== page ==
During the June to November dry season, the Tarangire plains host thousands of wildebeest, zebra, and Cape buffalo, all of whom gather here on their annual migration north to Kenya’s Maasai Mara. This abundance of prey attracts a plethora of predators (many of which are resident year-round but are easiest to spot during the migration). Keep an eye out for prides of lions, cheetah on the hunt, and leopards waiting for nightfall in the park’s twisted acacia trees. Spotted hyena and the endangered African wild dog are also much sought-after, while the smaller felines of Tarangire include caracal and serval.


The national park is also one of the best birding destinations in Tanzania. Over 550 avian species have been recorded here, many of them attracted by the Silale Swamps, which remain green year-round. The swamps support more breeding bird species than any other single habitat on Earth. Many birders come in search of Tanzanian endemics including the Rufous-tailed weaver, ashy starling, and yellow-collared lovebird. Other specials include the vulturine guineafowl and the northern pied babbler, both of which are at the extremity of their range in Tarangire, and the bushveld pipit. 

Raptors are commonly spotted and include iconic species such as the bateleur eagle and the lappet-faced vulture. A particular highlight for many first-time visitors to East Africa is the pygmy falcon—a tiny species that inhabits weaver bird colonies and is the smallest bird of prey on the continent. During the rainy season, the park’s rich insect life attracts countless migratory birds from Europe and Asia.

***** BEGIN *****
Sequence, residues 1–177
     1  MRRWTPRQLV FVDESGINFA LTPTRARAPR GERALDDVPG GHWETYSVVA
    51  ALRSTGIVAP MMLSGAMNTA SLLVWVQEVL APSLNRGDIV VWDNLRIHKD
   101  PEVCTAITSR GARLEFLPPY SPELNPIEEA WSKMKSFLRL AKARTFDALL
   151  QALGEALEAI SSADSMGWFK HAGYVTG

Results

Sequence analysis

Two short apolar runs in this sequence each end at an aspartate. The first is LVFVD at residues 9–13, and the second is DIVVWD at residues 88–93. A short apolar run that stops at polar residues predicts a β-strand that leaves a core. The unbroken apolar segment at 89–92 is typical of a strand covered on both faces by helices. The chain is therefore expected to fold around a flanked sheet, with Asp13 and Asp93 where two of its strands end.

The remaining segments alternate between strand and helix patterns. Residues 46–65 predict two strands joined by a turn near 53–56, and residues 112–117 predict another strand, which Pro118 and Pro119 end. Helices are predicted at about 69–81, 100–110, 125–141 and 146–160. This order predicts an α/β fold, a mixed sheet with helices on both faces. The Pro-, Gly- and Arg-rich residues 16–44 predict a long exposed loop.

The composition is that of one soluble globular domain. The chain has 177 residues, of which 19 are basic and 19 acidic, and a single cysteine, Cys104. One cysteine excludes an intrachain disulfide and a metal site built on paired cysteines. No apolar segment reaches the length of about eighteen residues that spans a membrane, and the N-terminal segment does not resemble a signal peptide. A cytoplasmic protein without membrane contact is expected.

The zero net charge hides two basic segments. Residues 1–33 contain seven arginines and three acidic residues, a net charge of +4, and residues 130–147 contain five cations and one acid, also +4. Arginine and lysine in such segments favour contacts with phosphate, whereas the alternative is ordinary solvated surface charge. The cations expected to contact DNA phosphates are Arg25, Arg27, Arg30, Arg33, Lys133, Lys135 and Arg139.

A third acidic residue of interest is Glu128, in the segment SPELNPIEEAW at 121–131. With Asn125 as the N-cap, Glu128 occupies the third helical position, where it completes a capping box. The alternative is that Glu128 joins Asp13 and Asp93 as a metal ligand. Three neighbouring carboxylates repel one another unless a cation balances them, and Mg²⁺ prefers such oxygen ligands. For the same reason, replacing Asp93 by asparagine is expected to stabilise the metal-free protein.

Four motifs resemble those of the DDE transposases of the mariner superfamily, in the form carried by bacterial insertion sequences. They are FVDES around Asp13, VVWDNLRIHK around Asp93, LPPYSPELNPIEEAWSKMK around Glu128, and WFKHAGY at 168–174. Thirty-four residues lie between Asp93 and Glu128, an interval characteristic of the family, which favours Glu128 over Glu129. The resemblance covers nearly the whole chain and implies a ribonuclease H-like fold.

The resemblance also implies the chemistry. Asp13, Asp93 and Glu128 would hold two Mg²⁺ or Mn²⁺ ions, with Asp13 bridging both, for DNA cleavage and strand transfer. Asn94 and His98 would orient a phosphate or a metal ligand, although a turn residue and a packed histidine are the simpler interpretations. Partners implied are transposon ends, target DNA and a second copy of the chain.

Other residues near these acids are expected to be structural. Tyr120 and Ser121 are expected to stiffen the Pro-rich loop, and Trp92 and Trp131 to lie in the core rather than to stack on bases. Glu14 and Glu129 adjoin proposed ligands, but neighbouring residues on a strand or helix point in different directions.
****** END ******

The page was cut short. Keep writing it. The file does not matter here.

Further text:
Where to Camp

If you’re planning a self-drive camping trip, there’s a public campsite located near the main park gate with toilets, showers, and a cooking area. You’ll need to bring your own drinking water, firewood, and all your ingredients and utensils but this is definitely the cheapest (and arguably the most authentic) option in Tarangire. Just outside the park, Tarangire Treetops is a special option with 20 rooms built on stilts amidst a thicket of baobab and marula trees. The central lodge is built around a 1,000-year-old baobab and features a gourmet boma restaurant. 

Where to Stay Nearby

There are several accommodation options inside Tarangire National Park, ranging from luxury resorts to more budget-friendly camps.

  • Oliver’s Camp by Asilia: Located in the remote southern reaches of the park, Oliver’s has 10 decadent safari tents, all overlooking the Minyonyo Pools and equipped with ensuite bathrooms and solar power.